Arctic Front Targets Region Thursday Night
Here we are in mid January and for the most part winter has been a no show. Sure there has been a covering of snow (JUST ONCE for most) and the pond outside my house has measured an inch of ice on two nights. Still, unless you live in the mountains, that is the best we can muster this winter so far. Even the snow capital of the Central Appalachian Mountains Snowshoe WV is struggling with a mere 30-40” of snow this season. Recall how 4848 (the nickname of Snowshoe since the peak elevation is 4848’ above sea level) normally measures 180” in a season!
Perhaps our home heating bills exemplify the tame winter the best. Take my December bill on which I saved $100 year over year compared to 2010. That amounted to a whopping 40% drop in cash out of my pocket. Sarah Sager showed us two weeks ago how city snow removal budgets have barely been tapped. On Route 60 in Barboursville, the Ski Loft Rental Shop marquee said it best, namely, “PLEASE THINK SNOW”!
Now like a knight in shining armor comes word that the harshest arctic front of the winter (SO FAR) is barreling toward us from the Northern Plains. Armed with convective showers (a fancy term for rain and thunder in sudden bursts with a rush of wind), this front will arrive on Thursday evening as we eat dinner points west and during Jeopardy and Wheel points east. Your windows will rattle and the wind chimes will sing as the front passes. The cats will instinctively come in to get out of the arctic onslaught.
While rain and gusty winds will precede the front, a howling wind laced with snow and plunging temperatures will follow fropa (weatherman’s lingo for frontal passage)!
The important details of the forecast such as exact timing, accumulations and impact of the snow and cold will have need to be ironed out with Thursday’s new data.
In a worst case scenario, those plunging temperatures could catch the ground still wet and produce an ice up. We would not want to be out driving if that occurred. The other plausible scenario is the rain ends briefly as wet snow and those chilling winds FREEZE DRY THE ROADS (dry the road out before the freeze occurs). That would produce good travel conditions until midnight when a second wave of snow would set in. As of press time on Wednesday evening, I rated both scenarios at equal weight in happening.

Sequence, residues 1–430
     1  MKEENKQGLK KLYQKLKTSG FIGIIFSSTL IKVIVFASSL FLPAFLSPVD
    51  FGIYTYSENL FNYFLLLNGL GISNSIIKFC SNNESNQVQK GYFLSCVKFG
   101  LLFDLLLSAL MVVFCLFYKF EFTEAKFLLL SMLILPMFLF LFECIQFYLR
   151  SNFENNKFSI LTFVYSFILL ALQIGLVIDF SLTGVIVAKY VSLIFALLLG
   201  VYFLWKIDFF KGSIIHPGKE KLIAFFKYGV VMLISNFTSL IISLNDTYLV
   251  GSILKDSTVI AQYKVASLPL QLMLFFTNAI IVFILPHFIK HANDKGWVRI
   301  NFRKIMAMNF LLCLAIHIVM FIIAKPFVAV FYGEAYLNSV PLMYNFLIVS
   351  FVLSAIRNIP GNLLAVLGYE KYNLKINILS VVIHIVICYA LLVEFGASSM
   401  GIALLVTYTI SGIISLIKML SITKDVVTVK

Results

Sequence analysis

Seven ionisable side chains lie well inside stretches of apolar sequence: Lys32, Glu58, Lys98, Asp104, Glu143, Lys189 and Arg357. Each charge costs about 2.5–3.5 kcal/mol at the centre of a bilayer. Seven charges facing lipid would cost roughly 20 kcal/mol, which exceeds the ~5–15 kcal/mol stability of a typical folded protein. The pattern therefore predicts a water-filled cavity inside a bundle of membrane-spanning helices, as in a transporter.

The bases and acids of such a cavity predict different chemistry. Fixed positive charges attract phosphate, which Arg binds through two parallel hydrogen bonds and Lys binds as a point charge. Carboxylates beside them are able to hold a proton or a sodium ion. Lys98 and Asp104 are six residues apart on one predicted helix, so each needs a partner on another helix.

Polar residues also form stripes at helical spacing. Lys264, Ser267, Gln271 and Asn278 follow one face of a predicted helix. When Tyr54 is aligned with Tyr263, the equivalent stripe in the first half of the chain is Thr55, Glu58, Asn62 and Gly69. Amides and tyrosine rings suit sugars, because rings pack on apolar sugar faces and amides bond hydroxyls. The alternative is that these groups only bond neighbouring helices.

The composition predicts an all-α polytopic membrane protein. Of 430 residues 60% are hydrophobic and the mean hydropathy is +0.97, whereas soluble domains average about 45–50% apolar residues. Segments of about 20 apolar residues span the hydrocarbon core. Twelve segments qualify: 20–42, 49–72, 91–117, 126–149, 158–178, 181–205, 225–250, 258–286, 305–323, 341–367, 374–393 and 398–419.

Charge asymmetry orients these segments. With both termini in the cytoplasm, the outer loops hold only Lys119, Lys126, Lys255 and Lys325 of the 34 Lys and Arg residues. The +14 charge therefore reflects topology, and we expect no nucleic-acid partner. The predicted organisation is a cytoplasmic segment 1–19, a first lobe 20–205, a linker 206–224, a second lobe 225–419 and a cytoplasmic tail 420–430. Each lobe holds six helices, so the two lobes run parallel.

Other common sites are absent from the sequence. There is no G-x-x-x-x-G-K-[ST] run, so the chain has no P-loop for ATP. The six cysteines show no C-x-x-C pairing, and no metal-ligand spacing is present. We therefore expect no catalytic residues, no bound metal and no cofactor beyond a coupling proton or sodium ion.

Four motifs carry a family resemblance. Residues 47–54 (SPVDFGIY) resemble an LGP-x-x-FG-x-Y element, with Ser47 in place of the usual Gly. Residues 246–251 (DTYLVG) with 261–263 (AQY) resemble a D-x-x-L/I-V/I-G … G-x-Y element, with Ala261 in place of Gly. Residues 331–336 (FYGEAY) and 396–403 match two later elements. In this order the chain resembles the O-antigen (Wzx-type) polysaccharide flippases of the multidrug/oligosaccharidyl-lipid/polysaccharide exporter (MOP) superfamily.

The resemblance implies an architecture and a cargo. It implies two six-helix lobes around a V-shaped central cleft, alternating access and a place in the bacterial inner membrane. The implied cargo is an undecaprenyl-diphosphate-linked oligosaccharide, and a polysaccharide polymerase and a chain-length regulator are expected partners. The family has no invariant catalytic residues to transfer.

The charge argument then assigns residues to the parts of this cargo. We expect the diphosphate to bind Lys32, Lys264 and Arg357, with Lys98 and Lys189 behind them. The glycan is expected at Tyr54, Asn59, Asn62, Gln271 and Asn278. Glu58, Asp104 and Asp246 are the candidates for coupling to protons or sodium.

Even if the drying case unfolds (the one we want), snow squalls would blow into town late at night and lay down an accumulation of dry powdery snow in time for a frigid and freezing cold morning rush hour on Friday. Schools will be delayed if not closed regardless of the two possible outcomes.
The other issue I wanted to throw out involves Friday’s weather. Like January 2nd (the day we watched all the parades and bowls), snow showers will be common on Friday with temperatures holding all day near 20 degrees. However, the squalls on Friday may have even more staying power if a wind maximum at 5,000 feet develops and points its way along the Ohio River pointed at right angles to the WV Mountains. That’s what happened in Late January 2008 when a small plane went down near Huntington Tri-State airport. Snow fell heavily most of the morning that day and a half a foot accumulated all the way from Cincinnati thru Huntington and Charleston.
Again, the details are TBA so for now I just ask you to stay informed and realize travel before sundown on Thursday will be unaffected by snow and ice problems.
One final note, let’s use how long the cold and snow lock in as a litmus test for the rest of the winter. If the cold and snow prove fleeting, an early spring could be at hand. But if the cold lends itself to more shock cold waves and snows before Groundhog Day, then we may be looking at a snowy February and March.
Punxsutawney Phil are you listening?